Italy has declared a national day of mourning Saturday to honour the first victims of Wednesday’s devastating earthquake.
Flags will fly at half-staff Saturday on all public offices and a state funeral will be celebrated by a bishop in a gym in Ascoli Piceno for the victims of nearby Arquata del Tronto – to date, 49 of the dead have come from the tiny town and its hamlet Pescara del Tronto. President Sergio Mattarella is expected to attend.
As rescue efforts continued some crumbled buildings in Amatrice cracked even further after a powerful aftershock. The U.S. Geological Service said it had a magnitude of 4.7, while the Italian geophysics institute measured it at 4.8.
The shaking ground also damaged a key access bridge to Amatrice, forcing emergency crews to close it and making an already challenging traffic flow into the town worse. Civil protection officials were working to find alternate routes, since the bridge is crucial for emergency crews moving in and out of town.
The aftershock was preceded by more than 50 overnight and was followed by another nine in the next hour – part of the nearly 1,000 aftershocks that have rocked Italy’s central Apennine Mountains since the original 6.2-magnitude quake early Wednesday.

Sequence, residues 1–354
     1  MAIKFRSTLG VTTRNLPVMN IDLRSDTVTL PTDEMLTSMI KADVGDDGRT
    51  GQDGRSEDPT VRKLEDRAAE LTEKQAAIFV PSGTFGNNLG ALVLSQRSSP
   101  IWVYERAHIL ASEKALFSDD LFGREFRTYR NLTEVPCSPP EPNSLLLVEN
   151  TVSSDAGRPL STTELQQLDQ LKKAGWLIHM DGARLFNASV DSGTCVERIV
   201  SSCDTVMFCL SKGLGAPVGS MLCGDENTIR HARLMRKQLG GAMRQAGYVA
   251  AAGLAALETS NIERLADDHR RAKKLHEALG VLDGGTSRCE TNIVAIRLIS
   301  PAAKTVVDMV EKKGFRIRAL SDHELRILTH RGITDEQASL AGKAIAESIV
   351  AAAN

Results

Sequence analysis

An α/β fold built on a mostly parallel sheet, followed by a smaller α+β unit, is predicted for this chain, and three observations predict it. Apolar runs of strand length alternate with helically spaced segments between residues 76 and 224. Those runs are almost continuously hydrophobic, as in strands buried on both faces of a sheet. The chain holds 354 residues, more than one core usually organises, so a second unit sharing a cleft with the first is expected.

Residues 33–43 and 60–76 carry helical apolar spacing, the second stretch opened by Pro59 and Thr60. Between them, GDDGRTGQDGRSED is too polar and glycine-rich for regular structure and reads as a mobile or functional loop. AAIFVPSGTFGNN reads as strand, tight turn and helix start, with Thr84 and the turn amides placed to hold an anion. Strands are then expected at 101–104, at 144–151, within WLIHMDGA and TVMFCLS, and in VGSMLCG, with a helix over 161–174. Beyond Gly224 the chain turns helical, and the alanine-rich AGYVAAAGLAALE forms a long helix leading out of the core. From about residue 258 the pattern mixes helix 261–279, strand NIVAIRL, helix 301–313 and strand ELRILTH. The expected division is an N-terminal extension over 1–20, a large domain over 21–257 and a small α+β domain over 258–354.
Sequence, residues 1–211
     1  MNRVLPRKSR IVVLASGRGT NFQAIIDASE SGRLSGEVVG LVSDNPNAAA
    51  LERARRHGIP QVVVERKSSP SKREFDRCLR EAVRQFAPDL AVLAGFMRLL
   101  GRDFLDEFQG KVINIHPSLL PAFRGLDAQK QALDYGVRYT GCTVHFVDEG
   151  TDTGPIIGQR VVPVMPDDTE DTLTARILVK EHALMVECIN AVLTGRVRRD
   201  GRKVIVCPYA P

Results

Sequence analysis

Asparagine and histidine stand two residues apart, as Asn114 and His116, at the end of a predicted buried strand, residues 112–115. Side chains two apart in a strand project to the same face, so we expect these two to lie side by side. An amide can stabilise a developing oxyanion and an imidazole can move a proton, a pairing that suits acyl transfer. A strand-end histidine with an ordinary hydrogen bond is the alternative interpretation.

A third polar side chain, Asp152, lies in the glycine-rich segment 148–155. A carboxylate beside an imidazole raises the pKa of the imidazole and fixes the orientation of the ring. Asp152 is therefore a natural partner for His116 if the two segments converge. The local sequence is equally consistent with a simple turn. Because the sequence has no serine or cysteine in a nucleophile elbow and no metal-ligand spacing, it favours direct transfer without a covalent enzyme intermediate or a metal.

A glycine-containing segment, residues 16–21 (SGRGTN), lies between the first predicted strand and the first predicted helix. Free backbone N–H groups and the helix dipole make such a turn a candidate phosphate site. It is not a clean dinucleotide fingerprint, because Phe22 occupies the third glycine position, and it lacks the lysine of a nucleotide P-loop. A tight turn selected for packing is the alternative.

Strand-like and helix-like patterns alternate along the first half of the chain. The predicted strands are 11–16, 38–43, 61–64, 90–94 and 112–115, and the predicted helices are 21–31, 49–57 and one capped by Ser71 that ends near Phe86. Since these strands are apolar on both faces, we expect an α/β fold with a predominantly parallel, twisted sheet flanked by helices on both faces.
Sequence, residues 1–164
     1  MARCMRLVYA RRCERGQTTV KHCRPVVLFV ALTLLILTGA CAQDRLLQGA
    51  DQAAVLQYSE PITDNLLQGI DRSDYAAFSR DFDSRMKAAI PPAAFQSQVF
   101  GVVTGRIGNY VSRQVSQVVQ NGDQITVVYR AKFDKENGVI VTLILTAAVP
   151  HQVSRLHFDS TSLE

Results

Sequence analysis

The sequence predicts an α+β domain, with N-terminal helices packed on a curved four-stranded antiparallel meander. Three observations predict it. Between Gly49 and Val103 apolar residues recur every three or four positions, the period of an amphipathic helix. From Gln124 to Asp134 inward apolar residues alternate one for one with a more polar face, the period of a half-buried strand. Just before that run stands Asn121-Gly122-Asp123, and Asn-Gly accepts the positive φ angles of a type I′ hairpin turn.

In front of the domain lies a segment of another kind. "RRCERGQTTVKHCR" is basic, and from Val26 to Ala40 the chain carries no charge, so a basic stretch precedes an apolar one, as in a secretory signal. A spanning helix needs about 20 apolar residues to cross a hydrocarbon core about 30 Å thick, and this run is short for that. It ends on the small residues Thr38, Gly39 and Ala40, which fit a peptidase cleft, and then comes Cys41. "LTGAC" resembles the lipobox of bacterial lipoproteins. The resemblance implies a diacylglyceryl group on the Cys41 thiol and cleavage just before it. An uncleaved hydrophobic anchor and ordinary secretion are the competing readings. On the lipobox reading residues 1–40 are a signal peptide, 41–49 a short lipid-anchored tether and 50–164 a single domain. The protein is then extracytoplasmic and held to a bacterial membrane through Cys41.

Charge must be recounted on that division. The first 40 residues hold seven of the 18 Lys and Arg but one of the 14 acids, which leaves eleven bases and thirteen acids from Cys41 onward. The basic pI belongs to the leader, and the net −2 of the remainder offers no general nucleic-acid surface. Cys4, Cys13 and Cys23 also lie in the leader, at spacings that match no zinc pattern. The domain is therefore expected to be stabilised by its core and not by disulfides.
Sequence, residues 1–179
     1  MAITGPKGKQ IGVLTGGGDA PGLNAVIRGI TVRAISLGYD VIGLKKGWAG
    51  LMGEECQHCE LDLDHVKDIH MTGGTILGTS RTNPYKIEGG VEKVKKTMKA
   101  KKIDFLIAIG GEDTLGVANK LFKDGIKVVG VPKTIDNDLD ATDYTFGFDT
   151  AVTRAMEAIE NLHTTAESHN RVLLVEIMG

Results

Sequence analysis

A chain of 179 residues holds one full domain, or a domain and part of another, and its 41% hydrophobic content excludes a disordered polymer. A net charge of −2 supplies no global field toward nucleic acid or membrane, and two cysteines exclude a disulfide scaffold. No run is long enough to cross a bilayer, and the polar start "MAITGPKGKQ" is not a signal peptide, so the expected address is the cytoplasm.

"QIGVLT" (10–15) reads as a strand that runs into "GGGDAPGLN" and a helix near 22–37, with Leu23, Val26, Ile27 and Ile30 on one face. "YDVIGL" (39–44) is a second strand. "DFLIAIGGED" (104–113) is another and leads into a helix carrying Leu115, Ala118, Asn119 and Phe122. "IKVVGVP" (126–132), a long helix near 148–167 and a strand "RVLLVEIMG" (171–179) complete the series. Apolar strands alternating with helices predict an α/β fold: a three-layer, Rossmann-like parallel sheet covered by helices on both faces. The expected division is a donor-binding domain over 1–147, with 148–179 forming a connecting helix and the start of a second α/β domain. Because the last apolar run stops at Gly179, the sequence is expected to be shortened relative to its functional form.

WATCH: Rescuers continue to scour through rubble in central Italy following earthquake
Premier Matteo Renzi has declared a state of emergency and authorized 50 million euros for immediate quake relief.
Rescue efforts continued through the night and into Friday, but more than a day and a half had passed since the last person was extracted alive from the rubble. While Renzi hailed the fact that 215 people had been rescued after the quake, authorities reported a steadily rising death toll that had hit 281 by Friday afternoon.
Civil protection operations chief Immacolata Postiglione still insisted Friday that the rescue effort hadn’t yet switched to a recovery mission. Rescue workers have noted that a person was pulled out alive 72 hours (three days) after the 2009 earthquake in the Italian town of L’Aquila.
“I confirm, once again as we have from the start, that the units that are doing the searches and rescues, including with dogs looking for other people trapped in the rubble, are absolutely fully active,” she said Friday.
On the ground, authorities were still struggling to account for all the missing, since that number is still uncertain given the large number of visitors for summer holidays and an annual food festival.
“There is still hope to find survivors under the rubble, even in these hours,” Walter Milan, a mountain rescue worker, said Friday. But he conceded: “Certainly, it will be very unlikely.”
Global Affairs Canada confirmed at least one Canadian was killed during the earthquake and another injured.
– With files from Global News